I started off by having a conversation with one publisher and discussed an Urdu version of the book and also a less expensive student’s version in the future after the initial publication. Unfortunately, their funding did not come through so we had to look for a new publisher. The second publisher had to give up the project due to the Corona Pandemic. People suggested that I try to get the book published abroad, but to me, it was very important to publish it in Pakistan so it could be read here and add to the art discourse. The book is relevant to Pakistan’s history as its narrative weaves through stories of waves of post-1947 migration, displacement and cultural integration. The content is also about a body of art that relates to our collective cultural, political and social experiences which is why I wanted it to have its primary readership in Pakistan. Finally when Naseer Baloch of Le Topical, the country’s leading printer of art books, agreed to be its publishers then we couldn’t have asked for more.
MA: Didn’t you think about getting sponsors for the book?
NF: I feel getting sponsors can get a bit complicated sometimes and curtail editorial freedom. A lot of reflection has gone into conceptualizing the book and I wanted it to reach the reader without any change in its content or design.
MA: Why did you choose to add articles by different writers to speak on Meher’s work instead of her speaking about her journey and art or even an article from her side?
NF: The artist usually creates the work and once it’s in the public domain there is a critical dialogue around it. That’s what the book offers. Meher has given countless interviews and her voice can also be heard throughout the book through quotes. The works are incredibly rich and layered and lend themselves to different readings. The 16 writers that include art critics, filmmakers, fiction writers, social commentators, artists and researchers with their diverse meditations have generated new knowledge and made the book discursively rich.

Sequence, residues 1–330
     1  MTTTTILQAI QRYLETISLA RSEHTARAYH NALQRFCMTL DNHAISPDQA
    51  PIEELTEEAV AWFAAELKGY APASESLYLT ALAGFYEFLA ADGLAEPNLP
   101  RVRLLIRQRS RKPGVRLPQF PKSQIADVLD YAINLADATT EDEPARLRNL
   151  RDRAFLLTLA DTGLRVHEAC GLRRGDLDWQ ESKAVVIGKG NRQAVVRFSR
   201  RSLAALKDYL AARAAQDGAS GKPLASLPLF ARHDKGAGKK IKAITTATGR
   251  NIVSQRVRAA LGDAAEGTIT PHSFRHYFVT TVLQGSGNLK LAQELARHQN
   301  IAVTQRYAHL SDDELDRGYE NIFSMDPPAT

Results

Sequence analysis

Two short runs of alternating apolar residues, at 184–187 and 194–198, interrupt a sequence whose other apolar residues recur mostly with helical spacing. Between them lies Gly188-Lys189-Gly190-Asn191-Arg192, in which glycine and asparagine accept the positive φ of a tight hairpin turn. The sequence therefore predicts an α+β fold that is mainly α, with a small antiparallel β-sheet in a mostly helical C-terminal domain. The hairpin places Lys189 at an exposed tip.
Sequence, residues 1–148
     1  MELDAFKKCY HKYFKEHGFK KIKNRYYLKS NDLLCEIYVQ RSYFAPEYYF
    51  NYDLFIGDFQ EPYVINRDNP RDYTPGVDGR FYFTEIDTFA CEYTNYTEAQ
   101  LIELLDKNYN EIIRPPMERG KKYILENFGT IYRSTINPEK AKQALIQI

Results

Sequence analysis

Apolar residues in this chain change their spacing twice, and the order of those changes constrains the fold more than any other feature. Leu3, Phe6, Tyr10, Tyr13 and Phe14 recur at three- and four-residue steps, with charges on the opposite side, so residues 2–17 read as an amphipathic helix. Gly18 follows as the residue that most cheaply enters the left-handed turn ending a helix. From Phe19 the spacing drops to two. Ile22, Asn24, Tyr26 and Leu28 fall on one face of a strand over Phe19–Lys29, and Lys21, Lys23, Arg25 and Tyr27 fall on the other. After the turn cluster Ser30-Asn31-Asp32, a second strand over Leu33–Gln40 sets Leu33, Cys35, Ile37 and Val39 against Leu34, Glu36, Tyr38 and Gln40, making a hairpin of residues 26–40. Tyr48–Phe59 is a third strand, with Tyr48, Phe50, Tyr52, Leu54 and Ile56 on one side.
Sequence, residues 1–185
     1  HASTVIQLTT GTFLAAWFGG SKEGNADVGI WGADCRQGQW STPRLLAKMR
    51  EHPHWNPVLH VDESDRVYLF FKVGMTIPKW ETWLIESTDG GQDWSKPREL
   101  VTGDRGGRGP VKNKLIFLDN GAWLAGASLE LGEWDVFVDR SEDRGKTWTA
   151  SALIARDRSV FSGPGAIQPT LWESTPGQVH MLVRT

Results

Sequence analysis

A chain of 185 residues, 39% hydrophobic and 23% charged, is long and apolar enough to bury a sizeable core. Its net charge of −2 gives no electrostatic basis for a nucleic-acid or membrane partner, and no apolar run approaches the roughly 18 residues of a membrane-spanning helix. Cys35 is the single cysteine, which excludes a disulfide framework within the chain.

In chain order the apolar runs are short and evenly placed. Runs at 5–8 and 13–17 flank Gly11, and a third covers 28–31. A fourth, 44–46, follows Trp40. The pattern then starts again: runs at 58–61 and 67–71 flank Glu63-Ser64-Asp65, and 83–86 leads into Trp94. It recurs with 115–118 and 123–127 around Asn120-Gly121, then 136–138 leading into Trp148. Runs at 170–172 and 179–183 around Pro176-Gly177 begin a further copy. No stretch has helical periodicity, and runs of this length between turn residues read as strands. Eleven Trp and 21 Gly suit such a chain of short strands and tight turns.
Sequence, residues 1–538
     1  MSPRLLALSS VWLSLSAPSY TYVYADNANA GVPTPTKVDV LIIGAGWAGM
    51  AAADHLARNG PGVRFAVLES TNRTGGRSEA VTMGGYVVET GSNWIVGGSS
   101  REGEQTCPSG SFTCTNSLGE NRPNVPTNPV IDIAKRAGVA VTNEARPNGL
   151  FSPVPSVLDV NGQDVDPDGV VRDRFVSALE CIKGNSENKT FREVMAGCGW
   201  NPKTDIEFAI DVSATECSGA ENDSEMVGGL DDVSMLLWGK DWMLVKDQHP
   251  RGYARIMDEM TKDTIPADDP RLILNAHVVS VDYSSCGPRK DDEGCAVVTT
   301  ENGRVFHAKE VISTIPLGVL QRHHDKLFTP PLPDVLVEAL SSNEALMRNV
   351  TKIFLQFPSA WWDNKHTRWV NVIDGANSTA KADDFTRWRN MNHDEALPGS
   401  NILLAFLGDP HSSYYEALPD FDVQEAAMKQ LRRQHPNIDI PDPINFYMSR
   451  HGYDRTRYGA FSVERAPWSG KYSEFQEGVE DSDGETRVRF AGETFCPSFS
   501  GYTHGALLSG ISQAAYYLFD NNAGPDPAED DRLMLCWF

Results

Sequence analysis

MA: Do you think that we have a lack of documentation in the arts? What is your take on that? Any suggestions.
NF: Yes, that’s true. The work of many artists has yet to be documented and critically examined. We need serious initiatives by educational and cultural institutions in this regard. All over the world art schools have archives attached to libraries that carry out documentation. Unfortunately, in Pakistan NCA is the only institution that has extensive archives. VM Art Gallery in Karachi has a good collection of books that is available to researchers. We have to create research and documentation centers in every city which should be able to gather material of local artists and art scene. This will facilitate researchers and expand art discourse.
Other than that, our art history courses focus on Western Art History, this needs to change to connect art students with the local art history. We have several art history books and they all need to be included in the curriculum to inform the students that history is not a monolith and each perspective adds value to the discourse.
MA: So where do you think we lack or our institute lack?
NF: Besides lack of documentation we don’t have art publishers. The state needs to offer subsidies on paper and ink to make the printing of books viable. We should also sit with publishers and discuss how we can make art books less expensive so the students and others can buy them.
A Beautiful Despair has been priced very reasonably despite its rich content and excellent printing because our priority was to make it accessible to a wider readership.
MA: That is why we go abroad for art writing residencies.
NF: We need to set up local art writing residencies/ workshops/ study groups to research and study art writing from a local context.
MA: What exciting up-coming project do you have?
NF: The project that I have been doing side by side with the book project is documenting the art history of Karachi. The art history of Karachi has not been documented like the way it should have been, its trajectory is very different and very exciting.
As we discussed earlier this will highlight the contribution of this city and artists to the country.
The project is moving along slowly as archives are not easily available, but now that ‘A beautiful Despair’ has been launched I can focus on it.
MA: Thank you so much for your time; it was wonderful talking to you.